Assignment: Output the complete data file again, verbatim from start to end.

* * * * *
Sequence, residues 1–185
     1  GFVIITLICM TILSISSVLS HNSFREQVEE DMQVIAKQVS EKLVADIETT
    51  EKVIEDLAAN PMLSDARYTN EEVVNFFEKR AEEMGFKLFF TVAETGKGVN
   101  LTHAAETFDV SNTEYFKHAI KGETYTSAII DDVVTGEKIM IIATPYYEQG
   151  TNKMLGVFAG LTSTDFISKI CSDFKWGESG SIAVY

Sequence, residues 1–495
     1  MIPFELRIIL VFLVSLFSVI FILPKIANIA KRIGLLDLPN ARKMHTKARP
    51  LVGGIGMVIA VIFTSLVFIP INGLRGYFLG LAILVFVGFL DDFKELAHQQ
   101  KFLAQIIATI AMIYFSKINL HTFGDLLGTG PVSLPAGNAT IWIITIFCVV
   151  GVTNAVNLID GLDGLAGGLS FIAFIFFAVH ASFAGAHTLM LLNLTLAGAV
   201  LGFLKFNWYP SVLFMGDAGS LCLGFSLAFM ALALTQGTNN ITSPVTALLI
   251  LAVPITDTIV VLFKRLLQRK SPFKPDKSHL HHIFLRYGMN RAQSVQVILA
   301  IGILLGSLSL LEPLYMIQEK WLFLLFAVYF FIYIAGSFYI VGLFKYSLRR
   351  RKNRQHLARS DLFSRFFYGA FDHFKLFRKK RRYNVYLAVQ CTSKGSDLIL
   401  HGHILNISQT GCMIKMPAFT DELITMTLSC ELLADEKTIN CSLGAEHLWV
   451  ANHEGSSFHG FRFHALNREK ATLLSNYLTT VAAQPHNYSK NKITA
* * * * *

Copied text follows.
Sequence, residues 1–185
     1  GFVIITLICM TILSISSVLS HNSFREQVEE DMQVIAKQVS EKLVADIETT
    51  EKVIEDLAAN PMLSDARYTN EEVVNFFEKR AEEMGFKLFF TVAETGKGVN
   101  LTHAAETFDV SNTEYFKHAI KGETYTSAII DDVVTGEKIM IIATPYYEQG
   151  TNKMLGVFAG LTSTDFISKI CSDFKWGESG SIAVY

Sequence, residues 1–495
     1  MIPFELRIIL VFLVSLFSVI FILPKIANIA KRIGLLDLPN ARKMHTKARP
    51  LVGGIGMVIA VIFTSLVFIP INGLRGYFLG LAILVFVGFL DDFKELAHQQ
   101  KFLAQIIATI AMIYFSKINL HTFGDLLGTG PVSLPAGNAT IWIITIFCVV
   151  GVTNAVNLID GLDGLAGGLS FIAFIFFAVH ASFAGAHTLM LLNLTLAGAV
   201  LGFLKFNWYP SVLFMGDAGS LCLGFSLAFM ALALTQGTNN ITSPVTALLI
   251  LAVPITDTIV VLFKRLLQRK SPFKPDKSHL HHIFLRYGMN RAQSVQVILA
   301  IGILLGSLSL LEPLYMIQEK WLFLLFAVYF FIYIAGSFYI VGLFKYSLRR
   351  RKNRQHLARS DLFSRFFYGA FDHFKLFRKK RRYNVYLAVQ CTSKGSDLIL
   401  HGHILNISQT GCMIKMPAFT DELITMTLSC ELLADEKTIN CSLGAEHLWV
   451  ANHEGSSFHG FRFHALNREK ATLLSNYLTT VAAQPHNYSK NKITA